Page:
Jury rejection of diabetic's loss of vision claim after motor vehicle collision is upheldDenton Slavings was a poorly controlled diabetic with multiple health problems, including trouble in the small blood vessels of his eyes. In 2005, he was involved in a motor vehicle collision, and the following day he reported to his doctor a loss of vision in the right eye. His doctor and the following consultants offered the opinion that Slavings' loss of vision was caused by motor vehicle trauma superimposed on vulnerable structures already weakened by diabetes. They noted that it is impossible to distinguish between damages caused by these two separate causes. After hearing the case, the jury refused to award Slavings any compensation, and his attorneys appealed to the trial judge and the Court of Appeals, seeking a new trial.
Both the lower court and the Court of Appeals rejected Slavings' claim that the jury verdict was "against the great weight of the evidence." They noted that Slavings' credibility was badly diminshed by several issues: he had never told his doctor about previous eye problems, and although he claimed no problems with his right eye before the collision, his medical records suggested otherwise.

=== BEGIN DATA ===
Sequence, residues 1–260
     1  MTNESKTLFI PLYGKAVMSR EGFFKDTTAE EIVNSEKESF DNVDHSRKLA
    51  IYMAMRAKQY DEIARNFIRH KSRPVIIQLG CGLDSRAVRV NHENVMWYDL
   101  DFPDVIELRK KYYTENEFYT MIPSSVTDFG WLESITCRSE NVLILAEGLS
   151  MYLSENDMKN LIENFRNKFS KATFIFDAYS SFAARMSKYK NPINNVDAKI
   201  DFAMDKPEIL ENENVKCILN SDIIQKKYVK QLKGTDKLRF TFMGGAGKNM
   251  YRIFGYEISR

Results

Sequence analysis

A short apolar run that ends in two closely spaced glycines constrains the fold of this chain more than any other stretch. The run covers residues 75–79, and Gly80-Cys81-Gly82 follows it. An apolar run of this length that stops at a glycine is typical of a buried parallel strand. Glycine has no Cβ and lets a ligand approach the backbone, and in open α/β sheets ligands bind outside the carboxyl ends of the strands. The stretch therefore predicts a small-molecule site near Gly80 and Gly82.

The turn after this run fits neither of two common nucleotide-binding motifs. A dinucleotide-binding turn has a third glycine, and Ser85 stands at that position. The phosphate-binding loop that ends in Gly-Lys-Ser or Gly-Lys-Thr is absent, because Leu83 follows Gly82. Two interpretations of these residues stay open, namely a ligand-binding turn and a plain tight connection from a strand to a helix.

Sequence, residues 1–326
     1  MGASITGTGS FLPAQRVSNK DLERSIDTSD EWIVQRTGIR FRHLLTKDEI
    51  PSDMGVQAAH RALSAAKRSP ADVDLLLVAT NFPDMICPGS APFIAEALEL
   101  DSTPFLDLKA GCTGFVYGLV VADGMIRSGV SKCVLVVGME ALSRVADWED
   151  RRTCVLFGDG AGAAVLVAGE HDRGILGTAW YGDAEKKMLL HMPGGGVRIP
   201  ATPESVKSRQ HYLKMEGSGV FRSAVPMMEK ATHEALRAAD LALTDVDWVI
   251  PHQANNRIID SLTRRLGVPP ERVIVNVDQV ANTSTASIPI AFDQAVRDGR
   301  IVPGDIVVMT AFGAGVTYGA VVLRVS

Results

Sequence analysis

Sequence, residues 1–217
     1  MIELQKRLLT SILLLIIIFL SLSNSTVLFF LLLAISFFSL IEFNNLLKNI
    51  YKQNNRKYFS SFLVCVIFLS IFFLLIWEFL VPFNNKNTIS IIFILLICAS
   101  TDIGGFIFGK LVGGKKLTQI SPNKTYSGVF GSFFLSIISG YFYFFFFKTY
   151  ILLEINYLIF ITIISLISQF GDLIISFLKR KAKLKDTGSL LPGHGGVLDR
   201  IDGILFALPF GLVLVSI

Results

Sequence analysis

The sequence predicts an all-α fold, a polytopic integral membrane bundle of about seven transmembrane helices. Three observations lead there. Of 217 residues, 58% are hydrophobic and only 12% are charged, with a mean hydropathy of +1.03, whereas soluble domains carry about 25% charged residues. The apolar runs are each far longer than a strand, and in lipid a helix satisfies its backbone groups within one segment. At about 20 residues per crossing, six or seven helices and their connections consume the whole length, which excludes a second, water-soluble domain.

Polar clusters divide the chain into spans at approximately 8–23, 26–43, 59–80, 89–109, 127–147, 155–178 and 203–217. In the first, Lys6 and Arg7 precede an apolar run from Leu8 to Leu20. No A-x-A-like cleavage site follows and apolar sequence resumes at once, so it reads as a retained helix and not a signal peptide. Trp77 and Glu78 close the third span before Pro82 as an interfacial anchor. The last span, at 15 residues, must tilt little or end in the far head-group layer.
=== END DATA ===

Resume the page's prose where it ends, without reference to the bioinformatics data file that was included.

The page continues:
Further, Slavings' claim that the loss of vision severely impacted his life was brought into question by the Social Security application he had filed two months before the collision. In that document, he related many lifestyle changes and limitations caused by the loss of vision, even before the motor vehicle accident. The jury was free to disbelieve his claim that the May document was actually prepared after the collision and back-dated by a social worker who assisted him.